Okay, I admit, the title for this post might not be quite right. Because the “most” important category is the category where you have the most weaknesses! (And I’ve had plenty to say about what’s most important to study.) In my experience, some groups of people have greater weaknesses in some categories than in others. Nonetheless, it makes sense to look at the category with the greatest number of questions.
Familiarize yourself with IBLCE’s Detailed Content Outline
You can, and should, download the IBLCE’s Detailed Content Outline. I know, I know, the level of “detail” might not be as much as you might wish for, but you have to start somewhere. (And IBLCE has to draw the line somewhere on how much detail they provide.) Here are the main IBLCE Exam categories:
- Development and nutrition
- Physiology and endocrinology
- Pharmacology and toxicology
- Psychology, sociology, anthropology
- Clinical Skills
Note the percentages in each category
This year, I used the number of questions to create a pie chart. I wanted a visual representation of what the IBLCE would go heavy on.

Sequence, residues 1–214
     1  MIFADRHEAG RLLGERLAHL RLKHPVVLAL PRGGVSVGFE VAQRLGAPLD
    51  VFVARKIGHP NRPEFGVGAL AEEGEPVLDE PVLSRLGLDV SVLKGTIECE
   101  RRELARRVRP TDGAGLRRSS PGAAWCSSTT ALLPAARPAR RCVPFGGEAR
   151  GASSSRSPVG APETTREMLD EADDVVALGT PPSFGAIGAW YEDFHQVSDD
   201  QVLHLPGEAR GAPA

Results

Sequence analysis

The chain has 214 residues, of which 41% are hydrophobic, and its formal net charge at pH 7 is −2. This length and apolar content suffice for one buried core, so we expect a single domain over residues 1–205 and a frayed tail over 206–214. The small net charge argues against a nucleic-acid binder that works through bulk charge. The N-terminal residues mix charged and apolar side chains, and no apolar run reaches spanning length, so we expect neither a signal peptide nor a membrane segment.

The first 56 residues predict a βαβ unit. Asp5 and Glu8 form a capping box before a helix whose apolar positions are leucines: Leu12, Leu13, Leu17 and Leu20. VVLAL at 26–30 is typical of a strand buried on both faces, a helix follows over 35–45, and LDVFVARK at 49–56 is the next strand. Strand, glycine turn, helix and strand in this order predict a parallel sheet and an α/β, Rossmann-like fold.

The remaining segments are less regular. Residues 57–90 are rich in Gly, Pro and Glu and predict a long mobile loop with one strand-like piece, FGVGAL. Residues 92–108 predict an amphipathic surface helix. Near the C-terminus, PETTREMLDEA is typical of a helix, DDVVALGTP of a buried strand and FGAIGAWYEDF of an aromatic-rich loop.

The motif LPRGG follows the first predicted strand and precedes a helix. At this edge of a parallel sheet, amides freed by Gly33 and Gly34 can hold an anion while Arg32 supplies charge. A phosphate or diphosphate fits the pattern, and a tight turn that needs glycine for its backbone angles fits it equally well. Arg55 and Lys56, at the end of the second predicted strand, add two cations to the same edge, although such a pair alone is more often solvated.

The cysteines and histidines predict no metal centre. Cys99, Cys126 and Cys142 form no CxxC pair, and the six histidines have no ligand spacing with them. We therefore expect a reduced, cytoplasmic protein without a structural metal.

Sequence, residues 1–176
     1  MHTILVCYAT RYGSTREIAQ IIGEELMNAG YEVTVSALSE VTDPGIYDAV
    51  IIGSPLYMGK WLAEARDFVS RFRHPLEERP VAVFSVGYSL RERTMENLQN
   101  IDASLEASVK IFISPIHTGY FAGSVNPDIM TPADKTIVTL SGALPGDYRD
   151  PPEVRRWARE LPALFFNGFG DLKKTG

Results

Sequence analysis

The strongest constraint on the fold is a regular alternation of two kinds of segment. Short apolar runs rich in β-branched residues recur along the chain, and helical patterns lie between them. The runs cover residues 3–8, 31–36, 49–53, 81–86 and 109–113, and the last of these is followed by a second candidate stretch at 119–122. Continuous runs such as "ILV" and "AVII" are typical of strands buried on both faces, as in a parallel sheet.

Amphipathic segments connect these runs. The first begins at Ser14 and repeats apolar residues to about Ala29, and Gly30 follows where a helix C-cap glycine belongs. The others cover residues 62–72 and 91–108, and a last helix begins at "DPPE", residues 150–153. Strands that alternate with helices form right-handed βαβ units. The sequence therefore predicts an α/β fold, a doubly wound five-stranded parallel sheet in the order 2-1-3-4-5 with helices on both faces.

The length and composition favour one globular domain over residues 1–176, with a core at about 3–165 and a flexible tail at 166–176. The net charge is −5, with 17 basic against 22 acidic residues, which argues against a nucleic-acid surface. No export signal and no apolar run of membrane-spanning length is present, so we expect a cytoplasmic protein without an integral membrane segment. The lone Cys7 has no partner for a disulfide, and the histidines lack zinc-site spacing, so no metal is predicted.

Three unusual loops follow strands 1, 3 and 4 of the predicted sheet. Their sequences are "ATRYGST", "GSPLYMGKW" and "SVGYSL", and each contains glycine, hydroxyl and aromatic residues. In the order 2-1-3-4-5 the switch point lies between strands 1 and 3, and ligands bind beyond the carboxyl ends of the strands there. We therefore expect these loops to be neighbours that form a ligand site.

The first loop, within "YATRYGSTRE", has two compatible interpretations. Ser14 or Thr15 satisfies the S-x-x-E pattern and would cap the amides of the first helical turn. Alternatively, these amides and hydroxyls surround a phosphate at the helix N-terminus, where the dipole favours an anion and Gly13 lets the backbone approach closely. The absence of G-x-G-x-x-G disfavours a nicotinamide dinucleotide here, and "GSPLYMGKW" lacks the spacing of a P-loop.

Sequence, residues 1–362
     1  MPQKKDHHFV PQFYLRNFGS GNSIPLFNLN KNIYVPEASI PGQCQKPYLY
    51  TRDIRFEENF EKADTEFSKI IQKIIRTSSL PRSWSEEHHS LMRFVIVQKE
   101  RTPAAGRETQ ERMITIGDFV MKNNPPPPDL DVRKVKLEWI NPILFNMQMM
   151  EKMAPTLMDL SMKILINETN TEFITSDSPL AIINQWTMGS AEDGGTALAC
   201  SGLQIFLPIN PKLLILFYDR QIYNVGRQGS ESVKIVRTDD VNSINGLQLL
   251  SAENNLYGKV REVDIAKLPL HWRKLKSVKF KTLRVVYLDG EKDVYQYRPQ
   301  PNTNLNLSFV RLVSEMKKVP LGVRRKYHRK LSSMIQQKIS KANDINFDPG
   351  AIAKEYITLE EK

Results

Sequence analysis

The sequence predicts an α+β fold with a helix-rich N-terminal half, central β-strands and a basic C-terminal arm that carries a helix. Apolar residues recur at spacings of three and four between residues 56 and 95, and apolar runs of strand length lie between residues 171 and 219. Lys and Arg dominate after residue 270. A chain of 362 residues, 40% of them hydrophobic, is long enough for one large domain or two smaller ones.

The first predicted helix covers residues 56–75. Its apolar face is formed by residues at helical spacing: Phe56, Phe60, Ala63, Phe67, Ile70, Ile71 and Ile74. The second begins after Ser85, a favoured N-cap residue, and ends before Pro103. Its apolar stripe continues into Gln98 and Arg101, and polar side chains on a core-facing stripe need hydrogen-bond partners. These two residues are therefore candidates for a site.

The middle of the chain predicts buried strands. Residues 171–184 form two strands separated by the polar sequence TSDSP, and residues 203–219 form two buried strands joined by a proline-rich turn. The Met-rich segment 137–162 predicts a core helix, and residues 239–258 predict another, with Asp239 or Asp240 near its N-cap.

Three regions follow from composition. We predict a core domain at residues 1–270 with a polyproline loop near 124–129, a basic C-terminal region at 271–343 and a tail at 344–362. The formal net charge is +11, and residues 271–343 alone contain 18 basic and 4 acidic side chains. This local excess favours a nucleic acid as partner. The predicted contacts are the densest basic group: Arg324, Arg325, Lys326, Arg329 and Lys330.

Note three glaring things:
- The smallest number of questions will pertain to pharmacology and toxicology.
- Development and nutrition constitute 15%, and physiology and endocrinology make up 14%. In my mind, those two categories are fundamental to your understanding of pretty much everything else. Together, that’s 29%.
- The big kahuna here is the “Clinical Skills” category.
At first, I thought this “clinical skills” category was misnamed. Most of us don’t think of topics like research or public health to be subcategories of “Clinical Skills.” But I think — and I have no inside information here — that the idea is that the questions will pertain to how you would carry out strategies for those and the other subtopics they name there.
Try not to stress
I think it’s important to look at this information and know the IBLCE Exam categories, but where the IBLCE “goes heavy” on this stuff shouldn’t rock your world or shake your confidence. Be aware, but don’t over-study or under-study any of the topics. Just know your stuff, and tell yourself you can do it!
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